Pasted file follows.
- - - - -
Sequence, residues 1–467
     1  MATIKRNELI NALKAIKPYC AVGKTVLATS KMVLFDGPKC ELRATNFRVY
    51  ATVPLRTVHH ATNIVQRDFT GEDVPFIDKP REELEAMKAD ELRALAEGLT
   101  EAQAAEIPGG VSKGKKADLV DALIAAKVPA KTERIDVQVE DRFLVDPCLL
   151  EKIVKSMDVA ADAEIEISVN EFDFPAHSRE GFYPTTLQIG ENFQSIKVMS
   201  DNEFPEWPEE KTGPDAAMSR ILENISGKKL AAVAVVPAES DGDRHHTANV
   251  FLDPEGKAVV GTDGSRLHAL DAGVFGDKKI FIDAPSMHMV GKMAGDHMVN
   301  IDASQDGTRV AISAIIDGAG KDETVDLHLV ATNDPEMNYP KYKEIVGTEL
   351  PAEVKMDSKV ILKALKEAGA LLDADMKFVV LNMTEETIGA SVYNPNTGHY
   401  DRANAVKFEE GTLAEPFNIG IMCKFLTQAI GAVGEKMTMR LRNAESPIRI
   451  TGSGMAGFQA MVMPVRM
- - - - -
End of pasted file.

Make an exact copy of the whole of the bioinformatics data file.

Sequence, residues 1–467
     1  MATIKRNELI NALKAIKPYC AVGKTVLATS KMVLFDGPKC ELRATNFRVY
    51  ATVPLRTVHH ATNIVQRDFT GEDVPFIDKP REELEAMKAD ELRALAEGLT
   101  EAQAAEIPGG VSKGKKADLV DALIAAKVPA KTERIDVQVE DRFLVDPCLL
   151  EKIVKSMDVA ADAEIEISVN EFDFPAHSRE GFYPTTLQIG ENFQSIKVMS
   201  DNEFPEWPEE KTGPDAAMSR ILENISGKKL AAVAVVPAES DGDRHHTANV
   251  FLDPEGKAVV GTDGSRLHAL DAGVFGDKKI FIDAPSMHMV GKMAGDHMVN
   301  IDASQDGTRV AISAIIDGAG KDETVDLHLV ATNDPEMNYP KYKEIVGTEL
   351  PAEVKMDSKV ILKALKEAGA LLDADMKFVV LNMTEETIGA SVYNPNTGHY
   401  DRANAVKFEE GTLAEPFNIG IMCKFLTQAI GAVGEKMTMR LRNAESPIRI
   451  TGSGMAGFQA MVMPVRM